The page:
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HEN Nazi propaganda
Minister Josef Goebbels
called Australian destroy-
ers operating in the
Mediterranean, “The Scrap Iron
Flotilla”, he was unaware of the dam-
age they would unleash on Axis forces.
Nor was he aware his derogatory
title would later become a badge of
honour for the crews of the WWI-era
HMA Ships Stuart, Vampire, Vendetta,
Voyager and Waterhen.
Flotilla leader Stuart led the
Australian destroyers against the
Italian Navy in the Battle of Calabria,
on July 9, 1940, the first fleet action in
the Mediterranean since Lord Nelson’s
While the results of the battle were
indecisive, the Royal Navy believed
it had asserted its superiority over the
On September 29-30, 1940, Stuart
attacked the Italian submarine Gondar,
forcing her crew to surrender, becom-
ing the first RAN ship to claim an
enemy submarine in WWII.
Jerry Garrard, 94, of Sydney, who
was on ‘B’ gun during the action,
remembers the incident well.
He said Stuart had already rescued
two airmen who had been shot down
by Italian fighters that day when they
pinged a submarine at 9pm.
“We were up all night dropping
depth charges and flares and manoeu-
vring,” he said.
“We got 29 POWs and I was guard-
ing them till 2pm when we got to
Mr Garrard said one of the prison-
ers asked him, in English, where he
“When I told him I was from
Sydney, he told me he could name all
the shops in George Street from the
Town Hall down to Wynyard Station,
and then proceeded to do so,” he said.
“Not what you’d expect from an
Italian submariner you’d just dragged
out of the middle of the Mediterranean
Mr Garrard was so proud of his
service in Stuart that he named his son
Later, Stuart provided a destroyer
screen for British warships in the night
Battle of Matapan on March 28-29,
With HMS Havock she got in close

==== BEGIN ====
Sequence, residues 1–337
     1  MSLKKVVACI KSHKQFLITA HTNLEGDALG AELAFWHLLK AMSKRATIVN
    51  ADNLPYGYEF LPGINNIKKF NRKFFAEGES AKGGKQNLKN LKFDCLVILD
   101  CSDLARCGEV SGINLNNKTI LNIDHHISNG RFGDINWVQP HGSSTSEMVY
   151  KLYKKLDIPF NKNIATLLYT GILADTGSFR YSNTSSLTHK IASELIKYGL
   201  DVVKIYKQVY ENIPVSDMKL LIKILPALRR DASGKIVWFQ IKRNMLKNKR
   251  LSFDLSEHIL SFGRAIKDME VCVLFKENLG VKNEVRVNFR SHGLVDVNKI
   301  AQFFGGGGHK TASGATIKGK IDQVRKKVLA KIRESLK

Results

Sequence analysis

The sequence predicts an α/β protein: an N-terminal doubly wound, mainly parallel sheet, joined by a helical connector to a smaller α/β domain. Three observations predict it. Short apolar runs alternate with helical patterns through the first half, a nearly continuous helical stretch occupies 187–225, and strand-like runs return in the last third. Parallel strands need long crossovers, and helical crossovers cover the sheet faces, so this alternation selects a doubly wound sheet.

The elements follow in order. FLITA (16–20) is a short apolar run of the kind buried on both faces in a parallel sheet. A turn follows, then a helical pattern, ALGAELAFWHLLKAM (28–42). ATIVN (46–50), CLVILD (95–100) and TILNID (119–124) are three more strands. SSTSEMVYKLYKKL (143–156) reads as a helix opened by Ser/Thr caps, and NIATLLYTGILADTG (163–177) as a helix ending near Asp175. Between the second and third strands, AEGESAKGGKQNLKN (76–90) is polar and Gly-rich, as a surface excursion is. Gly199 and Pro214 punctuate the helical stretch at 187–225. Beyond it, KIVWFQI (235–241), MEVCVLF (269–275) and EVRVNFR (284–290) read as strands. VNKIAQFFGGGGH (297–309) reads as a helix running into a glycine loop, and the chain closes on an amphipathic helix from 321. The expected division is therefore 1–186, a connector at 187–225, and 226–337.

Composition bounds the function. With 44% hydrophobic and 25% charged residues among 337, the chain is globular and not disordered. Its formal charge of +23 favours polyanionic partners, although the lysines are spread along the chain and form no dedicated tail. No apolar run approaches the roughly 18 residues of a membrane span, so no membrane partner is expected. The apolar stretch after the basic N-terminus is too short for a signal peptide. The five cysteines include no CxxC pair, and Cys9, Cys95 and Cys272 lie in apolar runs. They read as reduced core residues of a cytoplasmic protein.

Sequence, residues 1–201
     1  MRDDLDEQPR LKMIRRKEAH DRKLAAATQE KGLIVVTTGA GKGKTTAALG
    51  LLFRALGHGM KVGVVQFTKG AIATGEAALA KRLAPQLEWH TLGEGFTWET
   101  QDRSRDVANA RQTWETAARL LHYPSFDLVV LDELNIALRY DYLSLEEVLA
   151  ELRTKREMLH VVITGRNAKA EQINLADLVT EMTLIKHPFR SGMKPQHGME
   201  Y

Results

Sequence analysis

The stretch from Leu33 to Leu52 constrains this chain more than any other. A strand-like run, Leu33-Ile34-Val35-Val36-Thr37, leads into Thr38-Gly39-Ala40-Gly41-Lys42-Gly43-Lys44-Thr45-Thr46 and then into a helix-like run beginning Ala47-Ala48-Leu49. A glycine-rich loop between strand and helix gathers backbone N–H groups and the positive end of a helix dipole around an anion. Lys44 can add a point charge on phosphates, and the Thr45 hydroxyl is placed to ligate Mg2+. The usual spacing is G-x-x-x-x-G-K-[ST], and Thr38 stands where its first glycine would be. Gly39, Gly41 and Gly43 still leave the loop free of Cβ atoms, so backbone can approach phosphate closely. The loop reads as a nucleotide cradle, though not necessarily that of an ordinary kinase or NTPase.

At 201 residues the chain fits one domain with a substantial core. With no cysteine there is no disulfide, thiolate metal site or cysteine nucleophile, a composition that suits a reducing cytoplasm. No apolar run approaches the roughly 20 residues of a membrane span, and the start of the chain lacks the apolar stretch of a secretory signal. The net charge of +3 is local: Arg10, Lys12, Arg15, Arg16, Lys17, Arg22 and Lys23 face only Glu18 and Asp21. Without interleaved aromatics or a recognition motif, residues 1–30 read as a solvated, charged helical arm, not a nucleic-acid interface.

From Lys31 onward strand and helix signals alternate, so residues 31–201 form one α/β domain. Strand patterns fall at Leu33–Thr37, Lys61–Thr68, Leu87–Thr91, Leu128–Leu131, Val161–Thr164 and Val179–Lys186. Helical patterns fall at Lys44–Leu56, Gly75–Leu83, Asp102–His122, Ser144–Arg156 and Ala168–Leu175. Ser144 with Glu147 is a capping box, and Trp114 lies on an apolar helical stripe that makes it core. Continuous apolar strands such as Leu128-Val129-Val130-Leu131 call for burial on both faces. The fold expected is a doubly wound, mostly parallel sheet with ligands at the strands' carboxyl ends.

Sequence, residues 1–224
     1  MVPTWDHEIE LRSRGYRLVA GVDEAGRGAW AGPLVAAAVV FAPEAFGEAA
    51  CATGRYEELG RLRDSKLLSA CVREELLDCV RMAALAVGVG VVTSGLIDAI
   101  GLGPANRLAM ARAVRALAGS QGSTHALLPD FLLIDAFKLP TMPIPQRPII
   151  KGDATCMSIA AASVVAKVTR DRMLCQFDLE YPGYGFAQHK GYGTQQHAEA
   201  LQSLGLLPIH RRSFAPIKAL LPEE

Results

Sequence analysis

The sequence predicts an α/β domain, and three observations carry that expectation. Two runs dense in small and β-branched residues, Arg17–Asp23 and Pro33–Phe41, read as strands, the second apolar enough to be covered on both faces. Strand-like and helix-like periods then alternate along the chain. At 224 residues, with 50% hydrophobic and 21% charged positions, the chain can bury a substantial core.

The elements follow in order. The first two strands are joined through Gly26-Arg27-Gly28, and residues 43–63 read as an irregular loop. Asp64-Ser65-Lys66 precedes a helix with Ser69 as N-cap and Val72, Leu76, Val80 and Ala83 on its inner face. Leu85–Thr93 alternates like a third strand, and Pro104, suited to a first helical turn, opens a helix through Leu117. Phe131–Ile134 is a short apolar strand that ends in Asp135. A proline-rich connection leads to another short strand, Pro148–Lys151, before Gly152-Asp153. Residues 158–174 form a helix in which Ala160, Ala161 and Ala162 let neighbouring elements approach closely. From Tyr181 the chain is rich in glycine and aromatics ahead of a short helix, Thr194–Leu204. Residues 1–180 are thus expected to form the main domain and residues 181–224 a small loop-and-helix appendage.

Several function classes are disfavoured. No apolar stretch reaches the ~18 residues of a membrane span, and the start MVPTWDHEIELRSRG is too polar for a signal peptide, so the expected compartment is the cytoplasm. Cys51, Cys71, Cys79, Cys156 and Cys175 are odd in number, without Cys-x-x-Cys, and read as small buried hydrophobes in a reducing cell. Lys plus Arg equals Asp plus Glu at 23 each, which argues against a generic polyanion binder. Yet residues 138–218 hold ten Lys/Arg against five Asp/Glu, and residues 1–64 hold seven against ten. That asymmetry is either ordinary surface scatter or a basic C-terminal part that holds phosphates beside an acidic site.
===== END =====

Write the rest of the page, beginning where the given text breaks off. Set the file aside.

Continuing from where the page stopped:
to a burning 10,000 tonne Italian Zara-
class cruiser to finish her off.
Stuart’s CO then saw another Zara-
class cruiser slowly circling the burn-
ing one and fired her full outfit of tor-
pedos at both, believing he scored a hit
on the second.
Two of Stuart’s salvos caused an
explosion in her and started fires.
Shortly after, Stuart engaged a
Old ships like HMAS Stuart I played a major
role in WWII, SGT Dave Morley reports.
March 28, 2013
third cruiser with gunfire for six min-
utes. Then at a range of 500 yards the
Italian destroyer Vittorio Alfieri swept
Again and again Stuart’s guns
roared, raking the Italian with a
sweeping, searing blast from stem to
Havock finished her off with a tor-
pedo which lifted her out of the water.
The Battle of Matapan was Italy’s
greatest loss at sea during WWII, with
three heavy cruisers and two destroyers
sunk and more than 2400 men dead.
Commonwealth losses were a
Fairey-Albacore torpedo bomber and
its three-man crew.
The majority of Stuart’s gun crews
were ordinary seamen of the RAN
Reserve who had only been in the ship
for five weeks.
During the siege of Tobruk, Stuart
took part in the ‘Tobruk Ferry Service’
resupplying Australian soldiers and
evacuating the wounded back to
By mid-1941, Stuart had suffered
more than 50 air attacks, all without
sustaining casualties, but the ship itself
was beginning to feel the strain.
Stuart left Egypt on August 22,
with her port engine out of commis-
sion and limped all the way back to
Australia on one engine, arriving in
Fremantle on September 16.
She arrived in Melbourne on
September 27, where she went into
refit until April 1942.
Stuart’s CO, CMDR Hec Waller,
was awarded the DSO and Bar and
two mentions in dispatches for his ser-
vice in the Mediterranean.
Stuart irons out enemies
FIGHTING HISTORY: Australian
destroyers, like HMAS Stuart, carried
their ‘Scrap Iron Destroyer’ nicknames
with pride during WWII.
Photo courtesy of Sea Power Centre
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